Schinderhannes bartelsi


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Anomalocarids are a fairly well-known group of predators from the Cambrian era.  Their distinguishing features include two barbed "great appendages" at the front of the head used for capturing prey, a mouth shaped like a pineapple ring, and a segmented body with flap-like swimming fins along the sides.  Until recently, anomalocarids were known only from the Cambrian-- the first era of large multicellular animals (although that assumption might be changing as scientists learn more about the weird Ediacaran organisms...).  But in 2009 paleontologists working the Hunsrück Slate fossil beds in Germany discovered a new anomalocarid species from the Devonian, about 72 million years after the end of the Cambrian.

  Schinderhannes has the great appendages and pineapple-ring mouth of its ancestors, but its swim-fins have been reduced to two long "wings" just behind the head as well as a pair of flippers at the tail end.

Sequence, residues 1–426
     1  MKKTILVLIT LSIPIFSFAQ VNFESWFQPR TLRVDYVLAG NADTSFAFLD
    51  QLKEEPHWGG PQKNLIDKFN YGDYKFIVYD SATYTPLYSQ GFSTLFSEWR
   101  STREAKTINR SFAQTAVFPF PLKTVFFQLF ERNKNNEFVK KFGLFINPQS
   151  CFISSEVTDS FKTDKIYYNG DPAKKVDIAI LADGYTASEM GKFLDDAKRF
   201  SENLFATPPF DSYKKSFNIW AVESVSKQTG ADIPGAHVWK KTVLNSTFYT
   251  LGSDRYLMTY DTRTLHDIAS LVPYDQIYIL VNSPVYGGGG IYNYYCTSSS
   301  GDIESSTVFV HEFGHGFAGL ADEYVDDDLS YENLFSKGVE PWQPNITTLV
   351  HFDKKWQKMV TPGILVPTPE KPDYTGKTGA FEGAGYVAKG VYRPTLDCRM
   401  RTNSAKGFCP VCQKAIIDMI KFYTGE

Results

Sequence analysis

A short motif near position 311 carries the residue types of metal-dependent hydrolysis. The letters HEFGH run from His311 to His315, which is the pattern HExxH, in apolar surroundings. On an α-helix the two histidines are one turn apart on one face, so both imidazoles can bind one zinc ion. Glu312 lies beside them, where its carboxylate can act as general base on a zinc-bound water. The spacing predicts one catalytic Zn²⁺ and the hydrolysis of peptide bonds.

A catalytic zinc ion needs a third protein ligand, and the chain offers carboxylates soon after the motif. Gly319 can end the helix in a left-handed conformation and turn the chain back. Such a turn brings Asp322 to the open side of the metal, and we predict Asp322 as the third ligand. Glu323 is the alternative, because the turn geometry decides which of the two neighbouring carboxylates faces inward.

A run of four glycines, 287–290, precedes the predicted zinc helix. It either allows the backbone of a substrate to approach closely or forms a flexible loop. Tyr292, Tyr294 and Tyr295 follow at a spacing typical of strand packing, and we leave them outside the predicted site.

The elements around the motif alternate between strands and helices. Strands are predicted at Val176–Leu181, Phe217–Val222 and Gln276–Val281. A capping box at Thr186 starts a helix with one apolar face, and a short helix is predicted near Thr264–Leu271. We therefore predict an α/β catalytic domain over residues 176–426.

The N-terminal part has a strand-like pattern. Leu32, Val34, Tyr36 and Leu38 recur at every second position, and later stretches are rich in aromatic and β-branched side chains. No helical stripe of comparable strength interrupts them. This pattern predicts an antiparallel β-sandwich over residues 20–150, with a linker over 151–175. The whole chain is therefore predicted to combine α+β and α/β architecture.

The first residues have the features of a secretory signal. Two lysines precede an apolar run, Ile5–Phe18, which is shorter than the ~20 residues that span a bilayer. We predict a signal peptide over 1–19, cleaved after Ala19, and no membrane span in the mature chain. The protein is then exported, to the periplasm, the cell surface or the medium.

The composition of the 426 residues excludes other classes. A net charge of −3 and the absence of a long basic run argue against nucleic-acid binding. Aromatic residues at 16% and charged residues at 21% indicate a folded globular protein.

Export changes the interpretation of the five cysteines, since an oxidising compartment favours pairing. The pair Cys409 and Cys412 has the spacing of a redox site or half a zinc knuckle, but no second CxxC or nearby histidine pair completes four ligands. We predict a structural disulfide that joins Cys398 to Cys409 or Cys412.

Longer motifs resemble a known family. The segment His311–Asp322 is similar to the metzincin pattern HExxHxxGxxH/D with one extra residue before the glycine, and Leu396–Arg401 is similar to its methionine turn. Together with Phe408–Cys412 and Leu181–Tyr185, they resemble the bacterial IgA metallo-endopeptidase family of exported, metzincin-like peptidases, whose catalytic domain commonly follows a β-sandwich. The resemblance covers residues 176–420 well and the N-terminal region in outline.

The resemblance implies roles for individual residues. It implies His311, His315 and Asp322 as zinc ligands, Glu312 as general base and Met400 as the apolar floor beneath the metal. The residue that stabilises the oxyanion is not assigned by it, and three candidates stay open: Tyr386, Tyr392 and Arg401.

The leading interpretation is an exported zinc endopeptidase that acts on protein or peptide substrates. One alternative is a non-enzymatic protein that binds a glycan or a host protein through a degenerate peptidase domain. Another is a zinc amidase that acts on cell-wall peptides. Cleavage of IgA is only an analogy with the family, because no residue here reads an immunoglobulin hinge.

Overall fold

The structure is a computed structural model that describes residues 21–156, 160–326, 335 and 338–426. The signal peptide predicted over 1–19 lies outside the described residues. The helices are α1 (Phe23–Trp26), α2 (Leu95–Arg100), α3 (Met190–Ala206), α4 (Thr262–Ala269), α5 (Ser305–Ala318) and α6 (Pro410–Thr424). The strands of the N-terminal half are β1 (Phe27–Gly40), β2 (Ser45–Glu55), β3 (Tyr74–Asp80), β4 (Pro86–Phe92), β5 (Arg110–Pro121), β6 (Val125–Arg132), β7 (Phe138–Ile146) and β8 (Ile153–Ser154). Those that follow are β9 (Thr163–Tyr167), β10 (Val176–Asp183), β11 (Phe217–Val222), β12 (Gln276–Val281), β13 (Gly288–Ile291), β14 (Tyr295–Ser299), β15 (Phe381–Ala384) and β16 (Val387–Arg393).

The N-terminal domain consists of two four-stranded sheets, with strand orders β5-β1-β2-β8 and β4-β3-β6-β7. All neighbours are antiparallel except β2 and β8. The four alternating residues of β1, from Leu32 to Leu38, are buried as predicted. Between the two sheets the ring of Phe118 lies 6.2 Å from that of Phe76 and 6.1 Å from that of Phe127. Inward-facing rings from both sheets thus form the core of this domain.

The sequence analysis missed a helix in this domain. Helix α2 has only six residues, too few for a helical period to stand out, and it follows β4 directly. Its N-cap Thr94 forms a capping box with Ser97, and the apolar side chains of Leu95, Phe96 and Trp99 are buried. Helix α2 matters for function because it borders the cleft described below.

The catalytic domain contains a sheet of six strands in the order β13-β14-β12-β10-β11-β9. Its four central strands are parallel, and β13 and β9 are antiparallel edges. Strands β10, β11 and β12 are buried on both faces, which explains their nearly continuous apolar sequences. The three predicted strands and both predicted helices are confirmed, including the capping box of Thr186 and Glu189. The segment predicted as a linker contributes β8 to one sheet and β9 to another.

I particularly wanted to illustrate Schinderhannes because, as far as I can tell, there are only about three or four reconstructions of it on the web.  I wanted to do my small part to spread awareness of this neat little creature.

Its name, by the way, comes from the name of a famous German bandit who lived in the area where the fossil was found.

Reference:   Kühl, Gabriele et al. 2009 A Great-Appendage Arthropod with a Radial Mouth from the Lower Devonian Hunsrück Slate, Germany. Science 323: 771-773.


Schinderhannes bartelsi ©2010 John Meszaros.  All Rights Reserved